Dealing with the effects of turbulence is the main challenge for the numerical study of flows relevant to engineering applications, due to the tendency of turbulent fluctuations to span large ranges of time and length scales, which makes them costly to reproduce in terms of computational resources because large ranges of scales require fine discretization resolutions. In a research context, where the accuracy of the solution is usually prioritized, it is not uncommon for this demand to be abided by using a direct numerical simulation (DNS) approach, leading to an ideally exact reproduction of the flow. However, in an industrial context it would be impractical to assume such costs, and so alternative approaches with more moderate resolutions are adopted by avoiding the explicit representation of some turbulent features, instead modelling their effects on the resolved part of the flow.
RANS models are the dominant solution in industrial applications, as they allow for the least expensive -and thus quickest- simulations, by returning solely the behaviour of the mean flow, which is typically adequate for most purposes. Large eddy simulation (LES) approaches also include large scale turbulent fluctuations in the solution and they offer better accuracy overall, but they have been mostly relegated to niche applications in the past due to the associated increase in computational cost with respect to RANS models. However, LES is becoming increasingly relevant due to the rapid development of the state of the art in high performance computing and of LES models themselves.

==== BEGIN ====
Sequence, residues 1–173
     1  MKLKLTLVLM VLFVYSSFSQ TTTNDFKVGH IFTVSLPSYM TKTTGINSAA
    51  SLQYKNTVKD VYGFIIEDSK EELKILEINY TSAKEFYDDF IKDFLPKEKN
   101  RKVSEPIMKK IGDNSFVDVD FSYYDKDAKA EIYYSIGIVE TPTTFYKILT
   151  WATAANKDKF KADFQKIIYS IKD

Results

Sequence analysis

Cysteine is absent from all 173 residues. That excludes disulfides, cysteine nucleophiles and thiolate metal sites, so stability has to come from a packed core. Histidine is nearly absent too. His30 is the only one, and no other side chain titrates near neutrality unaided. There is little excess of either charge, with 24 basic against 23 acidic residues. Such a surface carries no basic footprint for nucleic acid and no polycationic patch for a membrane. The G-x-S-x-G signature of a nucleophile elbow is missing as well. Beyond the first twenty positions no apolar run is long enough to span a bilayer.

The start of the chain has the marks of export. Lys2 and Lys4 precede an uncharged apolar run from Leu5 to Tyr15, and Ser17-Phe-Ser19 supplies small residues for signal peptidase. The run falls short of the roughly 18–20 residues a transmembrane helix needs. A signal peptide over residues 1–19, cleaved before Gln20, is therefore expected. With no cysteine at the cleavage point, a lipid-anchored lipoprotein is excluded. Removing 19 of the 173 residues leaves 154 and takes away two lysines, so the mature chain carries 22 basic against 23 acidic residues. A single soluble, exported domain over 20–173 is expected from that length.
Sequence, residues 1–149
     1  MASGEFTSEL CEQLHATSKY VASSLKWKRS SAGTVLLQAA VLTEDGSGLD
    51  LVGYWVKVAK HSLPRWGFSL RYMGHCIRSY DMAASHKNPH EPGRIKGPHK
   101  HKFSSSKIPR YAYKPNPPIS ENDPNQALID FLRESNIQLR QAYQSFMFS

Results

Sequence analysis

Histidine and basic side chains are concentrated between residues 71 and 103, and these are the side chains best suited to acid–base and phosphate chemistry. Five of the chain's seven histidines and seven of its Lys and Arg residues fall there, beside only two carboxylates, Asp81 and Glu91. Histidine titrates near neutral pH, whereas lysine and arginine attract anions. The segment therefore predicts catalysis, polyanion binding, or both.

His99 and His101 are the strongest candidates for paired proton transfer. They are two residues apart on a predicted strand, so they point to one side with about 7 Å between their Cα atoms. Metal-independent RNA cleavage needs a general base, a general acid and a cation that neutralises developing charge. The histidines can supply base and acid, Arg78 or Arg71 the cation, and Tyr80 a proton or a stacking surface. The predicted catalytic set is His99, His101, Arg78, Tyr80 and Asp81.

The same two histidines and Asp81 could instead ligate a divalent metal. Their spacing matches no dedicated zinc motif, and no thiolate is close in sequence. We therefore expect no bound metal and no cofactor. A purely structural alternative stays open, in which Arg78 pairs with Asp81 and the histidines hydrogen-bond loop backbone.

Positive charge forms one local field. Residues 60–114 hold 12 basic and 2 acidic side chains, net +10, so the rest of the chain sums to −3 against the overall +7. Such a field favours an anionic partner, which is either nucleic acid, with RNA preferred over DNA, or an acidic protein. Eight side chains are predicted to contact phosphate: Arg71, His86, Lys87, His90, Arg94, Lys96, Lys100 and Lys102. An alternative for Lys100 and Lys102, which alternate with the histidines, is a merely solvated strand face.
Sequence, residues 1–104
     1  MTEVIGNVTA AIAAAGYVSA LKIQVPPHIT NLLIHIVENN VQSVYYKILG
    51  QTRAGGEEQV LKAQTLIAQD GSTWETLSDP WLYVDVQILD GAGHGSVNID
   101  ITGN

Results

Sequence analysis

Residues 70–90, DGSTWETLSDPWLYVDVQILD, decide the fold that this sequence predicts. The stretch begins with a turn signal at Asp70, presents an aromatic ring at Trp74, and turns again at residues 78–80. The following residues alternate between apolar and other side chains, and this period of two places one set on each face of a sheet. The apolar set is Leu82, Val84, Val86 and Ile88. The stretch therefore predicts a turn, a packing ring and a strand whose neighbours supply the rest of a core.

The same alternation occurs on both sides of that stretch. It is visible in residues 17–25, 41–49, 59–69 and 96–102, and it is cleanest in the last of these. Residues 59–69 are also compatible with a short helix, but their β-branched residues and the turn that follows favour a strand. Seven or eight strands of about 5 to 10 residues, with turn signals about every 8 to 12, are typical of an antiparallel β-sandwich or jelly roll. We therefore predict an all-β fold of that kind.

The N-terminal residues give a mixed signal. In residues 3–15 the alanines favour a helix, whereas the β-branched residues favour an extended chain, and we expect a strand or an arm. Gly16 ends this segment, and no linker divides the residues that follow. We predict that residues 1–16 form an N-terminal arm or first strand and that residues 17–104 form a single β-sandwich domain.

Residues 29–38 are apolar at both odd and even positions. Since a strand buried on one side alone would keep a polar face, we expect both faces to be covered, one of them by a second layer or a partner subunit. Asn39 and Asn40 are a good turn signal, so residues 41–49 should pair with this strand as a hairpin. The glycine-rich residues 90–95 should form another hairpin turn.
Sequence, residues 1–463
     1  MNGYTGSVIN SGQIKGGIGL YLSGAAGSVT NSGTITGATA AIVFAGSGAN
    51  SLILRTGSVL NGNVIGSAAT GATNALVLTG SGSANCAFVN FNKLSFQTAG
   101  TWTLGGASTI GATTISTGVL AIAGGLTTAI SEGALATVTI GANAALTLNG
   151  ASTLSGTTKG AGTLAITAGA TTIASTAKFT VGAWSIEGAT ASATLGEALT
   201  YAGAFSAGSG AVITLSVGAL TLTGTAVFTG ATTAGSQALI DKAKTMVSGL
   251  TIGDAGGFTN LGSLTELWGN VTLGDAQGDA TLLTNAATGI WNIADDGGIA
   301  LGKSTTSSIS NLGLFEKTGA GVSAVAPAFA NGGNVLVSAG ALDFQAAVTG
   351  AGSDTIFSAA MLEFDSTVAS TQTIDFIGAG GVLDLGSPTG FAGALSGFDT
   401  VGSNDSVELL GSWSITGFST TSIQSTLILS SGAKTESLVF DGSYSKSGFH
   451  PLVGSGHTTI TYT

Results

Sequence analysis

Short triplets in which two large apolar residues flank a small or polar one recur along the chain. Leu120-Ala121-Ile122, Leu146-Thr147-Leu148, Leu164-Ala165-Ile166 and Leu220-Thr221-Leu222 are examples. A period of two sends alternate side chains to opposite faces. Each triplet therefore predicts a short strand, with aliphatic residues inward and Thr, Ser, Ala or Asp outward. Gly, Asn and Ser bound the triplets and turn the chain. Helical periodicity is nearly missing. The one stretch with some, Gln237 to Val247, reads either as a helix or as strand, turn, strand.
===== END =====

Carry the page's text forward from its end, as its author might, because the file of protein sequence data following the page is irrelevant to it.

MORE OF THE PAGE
The purpose of the present work is to test a new LES model with the simulation of the flow around a rectangular cylinder with a chord-thickness ratio of c/D = 5, commonly known as BARC -benchmark on the aerodynamics of a rectangular cylinder-. The diversity of turbulent phenomena that characterize this case of study, notwithstanding the simple geometry of the solid body, provides multiple aspects on which to assess the performance of the new model. The flow is simulated for the well-established dynamic Smagorinsky scheme, for the new model -which introduces a new tensorial, non-linear approach to eddy viscosity-, and for the implicit LES approach -forgoing the direct modeling of turbulence-. All simulations are otherwise performed under the same configuration, which is designed to suit the characteristics of the LES approach. The software employed for the simulations is T-Flows, an open-source code based on the finite volume method. Turbulent statistics are gathered from the solutions to observe how the different models reproduce the main turbulent features of the flow, in order to draw comparison among themselves and with previously existing high-accuracy DNS data.